Meanwhile, Kevin had become interested in what had happened to some of the characters from Sorrow Mystica, and what they might get up to after that book finished. So he started sending me rough ideas for a kind of thriller spy-type book. Given that I’d already started working on The Ethical Hitman, and knew “Band Novel” would happen at some point in the future, I could see ways to tie all these together, and make fun interconnections between all the books.

Kevin wanted  what was to become Crossing the Line to be a spy-thriller-guns-explosions type of book. But I wanted to subvert that. So, we compromised on a Ruth Rendell-style spy-thriller-guns-explosions type book. Yes, we were mashing genres again. We wrote Crossing really quickly, enjoying ourselves immensely, finishing it and the drafts of Sorrow while I was still on draft 12 of Raven.

Sorrow Mystica and Crossing the Line are set in 1971/1972, while Raven of Dispersion is set in 1976. It made sense then that, when I decided to self-publish, the novels should be released in the same order as their timeline.

So next to be published will be The Ethical Hitman, Genial (both set in 1976), and then German Overalls (set in 1984).

Kevin and I are also working on Panlyrae: A Message for Mankind and Operation Flashlight, which would be nodes 0 and 1, and will be set in the 40s/50s/60s. These could be released at any point in the series.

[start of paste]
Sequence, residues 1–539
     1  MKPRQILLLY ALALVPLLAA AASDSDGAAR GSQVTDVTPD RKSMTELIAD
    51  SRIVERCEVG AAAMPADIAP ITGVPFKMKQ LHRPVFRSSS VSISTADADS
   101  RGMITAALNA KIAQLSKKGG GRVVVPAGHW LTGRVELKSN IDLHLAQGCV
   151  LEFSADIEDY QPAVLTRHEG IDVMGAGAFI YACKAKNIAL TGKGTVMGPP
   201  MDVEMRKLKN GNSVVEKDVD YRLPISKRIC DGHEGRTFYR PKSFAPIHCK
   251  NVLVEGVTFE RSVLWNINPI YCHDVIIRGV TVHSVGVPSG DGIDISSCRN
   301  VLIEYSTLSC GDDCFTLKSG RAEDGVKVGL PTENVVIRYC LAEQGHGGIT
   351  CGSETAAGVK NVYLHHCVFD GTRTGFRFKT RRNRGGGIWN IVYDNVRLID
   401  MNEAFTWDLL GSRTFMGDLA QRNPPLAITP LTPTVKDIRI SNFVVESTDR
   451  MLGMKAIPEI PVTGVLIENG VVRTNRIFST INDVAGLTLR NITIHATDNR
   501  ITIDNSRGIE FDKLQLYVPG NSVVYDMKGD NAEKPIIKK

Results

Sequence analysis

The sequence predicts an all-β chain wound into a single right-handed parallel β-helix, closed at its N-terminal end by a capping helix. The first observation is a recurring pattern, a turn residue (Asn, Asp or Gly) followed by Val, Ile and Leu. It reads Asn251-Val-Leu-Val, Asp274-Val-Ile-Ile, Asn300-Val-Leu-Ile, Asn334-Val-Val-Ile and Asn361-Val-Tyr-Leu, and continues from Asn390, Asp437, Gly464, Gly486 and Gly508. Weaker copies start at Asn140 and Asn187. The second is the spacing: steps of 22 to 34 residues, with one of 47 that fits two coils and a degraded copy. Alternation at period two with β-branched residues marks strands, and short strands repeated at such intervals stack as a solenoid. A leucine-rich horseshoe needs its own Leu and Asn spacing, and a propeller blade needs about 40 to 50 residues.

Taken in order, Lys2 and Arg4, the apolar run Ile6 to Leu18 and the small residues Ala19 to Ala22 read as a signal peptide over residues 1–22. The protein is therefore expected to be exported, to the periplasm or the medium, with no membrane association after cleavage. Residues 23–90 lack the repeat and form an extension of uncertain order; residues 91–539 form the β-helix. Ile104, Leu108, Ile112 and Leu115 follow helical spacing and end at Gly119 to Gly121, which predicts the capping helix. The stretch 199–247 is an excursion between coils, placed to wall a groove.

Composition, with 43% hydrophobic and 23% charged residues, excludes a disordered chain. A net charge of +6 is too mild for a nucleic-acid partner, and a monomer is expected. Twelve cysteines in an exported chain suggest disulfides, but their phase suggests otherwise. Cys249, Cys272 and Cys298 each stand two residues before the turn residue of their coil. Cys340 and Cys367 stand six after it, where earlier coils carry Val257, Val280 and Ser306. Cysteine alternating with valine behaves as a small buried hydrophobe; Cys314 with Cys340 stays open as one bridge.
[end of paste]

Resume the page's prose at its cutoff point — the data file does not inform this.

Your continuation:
And then, there might well be something set on the planet Panlyrae at some indeterminate point in the age of the universe. I have ideas…

There might also be something about a couple of characters from Dereham dithering about whether to take a trip on the Settle and Carlisle railway. This one will be a hoot. I might need Kevin to subvert the rather Ruth Rendell-ish, Anita Brookner-ish nature of it with guns, bombs, aliens and spies.


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Review: A Burnt Out Case

A Burnt Out Case
A Burnt Out Case by Graham Greene
My rating: 4 of 5 stars

A quick review of A Burnt Out Case.

A fine read. Well-crafted and honed. A novel in which the oppositions of faith and apostasy, religion and irreligion, belief and atheism are discussed and played with, without seeming preachy, heavy or tedious.